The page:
By Susan Dunne for CTNOW
Water is perceived many ways. It is sustenance. It is symbolic. It nourishes the ecosystem. It is reflective. It is both crystal-clear and full of tiny critters. It has an ever-changing surface. It is dangerous. It can be politicized. It is a factor of everyday life, for those fortunate enough to have easy access to it. For those without easy access, it is more precious than gold.
It makes sense that the new water-themed exhibit at Benton Museum in Storrs is presented by various academic departments at UConn: art, natural resources, environmental engineering, marine sciences, water resources. Each artwork in the show sees water through a different lens, even an abstract lens. Water is also a philosophical concept.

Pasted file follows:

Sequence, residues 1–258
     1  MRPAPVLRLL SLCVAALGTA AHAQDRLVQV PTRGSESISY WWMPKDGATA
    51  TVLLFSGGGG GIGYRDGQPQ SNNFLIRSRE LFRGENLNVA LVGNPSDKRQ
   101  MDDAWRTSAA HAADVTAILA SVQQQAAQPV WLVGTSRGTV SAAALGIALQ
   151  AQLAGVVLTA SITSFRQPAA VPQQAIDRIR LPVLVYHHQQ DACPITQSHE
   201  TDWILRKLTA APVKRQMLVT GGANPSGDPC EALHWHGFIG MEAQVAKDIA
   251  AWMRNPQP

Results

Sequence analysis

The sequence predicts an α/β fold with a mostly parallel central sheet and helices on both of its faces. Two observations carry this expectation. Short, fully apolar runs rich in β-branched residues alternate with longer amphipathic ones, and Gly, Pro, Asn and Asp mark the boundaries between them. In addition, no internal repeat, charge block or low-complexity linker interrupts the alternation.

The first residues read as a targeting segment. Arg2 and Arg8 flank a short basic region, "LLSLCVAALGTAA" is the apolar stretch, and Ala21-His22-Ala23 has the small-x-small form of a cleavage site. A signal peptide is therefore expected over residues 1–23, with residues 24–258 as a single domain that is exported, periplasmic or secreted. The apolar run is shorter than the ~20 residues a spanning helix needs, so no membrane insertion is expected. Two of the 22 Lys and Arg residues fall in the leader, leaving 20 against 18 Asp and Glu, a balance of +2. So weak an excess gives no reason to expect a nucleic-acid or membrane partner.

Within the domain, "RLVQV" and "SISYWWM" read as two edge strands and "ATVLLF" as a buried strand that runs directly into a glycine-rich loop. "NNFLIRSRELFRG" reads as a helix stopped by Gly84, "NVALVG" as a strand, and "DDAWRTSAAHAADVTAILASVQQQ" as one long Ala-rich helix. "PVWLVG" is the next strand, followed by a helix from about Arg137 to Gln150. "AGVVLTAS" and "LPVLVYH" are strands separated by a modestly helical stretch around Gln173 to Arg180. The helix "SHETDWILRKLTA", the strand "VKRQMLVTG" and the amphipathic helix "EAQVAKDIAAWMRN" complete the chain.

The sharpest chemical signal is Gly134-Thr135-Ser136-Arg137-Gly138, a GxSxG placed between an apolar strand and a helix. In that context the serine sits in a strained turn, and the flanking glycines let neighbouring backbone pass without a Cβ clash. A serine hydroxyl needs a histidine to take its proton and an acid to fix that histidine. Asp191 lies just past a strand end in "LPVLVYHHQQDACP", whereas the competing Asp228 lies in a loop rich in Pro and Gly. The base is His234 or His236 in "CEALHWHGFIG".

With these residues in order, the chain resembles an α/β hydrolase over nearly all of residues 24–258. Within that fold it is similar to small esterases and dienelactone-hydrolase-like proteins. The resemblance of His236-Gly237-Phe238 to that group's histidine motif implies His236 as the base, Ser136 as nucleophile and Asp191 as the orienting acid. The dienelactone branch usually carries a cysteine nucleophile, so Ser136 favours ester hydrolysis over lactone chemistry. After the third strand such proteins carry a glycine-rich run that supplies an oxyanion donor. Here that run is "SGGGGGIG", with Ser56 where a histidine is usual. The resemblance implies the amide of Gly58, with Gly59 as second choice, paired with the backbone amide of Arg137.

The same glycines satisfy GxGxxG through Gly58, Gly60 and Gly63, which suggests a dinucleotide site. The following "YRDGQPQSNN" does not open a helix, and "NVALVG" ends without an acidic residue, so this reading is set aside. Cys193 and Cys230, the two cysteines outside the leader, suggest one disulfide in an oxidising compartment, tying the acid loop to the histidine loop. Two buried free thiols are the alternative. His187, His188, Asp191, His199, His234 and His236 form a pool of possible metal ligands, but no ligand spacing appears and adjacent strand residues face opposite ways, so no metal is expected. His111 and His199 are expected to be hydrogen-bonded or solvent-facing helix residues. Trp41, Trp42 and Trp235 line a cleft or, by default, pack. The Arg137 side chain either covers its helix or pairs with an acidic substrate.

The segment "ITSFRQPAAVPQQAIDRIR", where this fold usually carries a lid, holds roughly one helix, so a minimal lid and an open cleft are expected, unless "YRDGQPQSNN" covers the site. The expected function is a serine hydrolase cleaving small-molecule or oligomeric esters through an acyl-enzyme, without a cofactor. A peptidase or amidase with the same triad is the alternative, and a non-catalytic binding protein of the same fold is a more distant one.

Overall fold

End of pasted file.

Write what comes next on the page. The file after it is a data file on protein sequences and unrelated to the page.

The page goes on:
Six oils on canvas by Leif Nilsson of Chester can be seen in a variety of ways. The placid scenes of the Long Island Sound and creeks near the shoreline are pretty. And yet the scenes also have environmental dept.
“The general public will see the beautiful flowers and will appreciate the lighting and the atmosphere, but people who are tied in to the issues that impact the Connecticut River will look at these in a different way,” said Nancy Stula, the Benton’s director, who co-curated the exhibit. “These purple flowers are loose strife, an invasive plant. Those yellow flowers are yellow irises, which are also invasive.”
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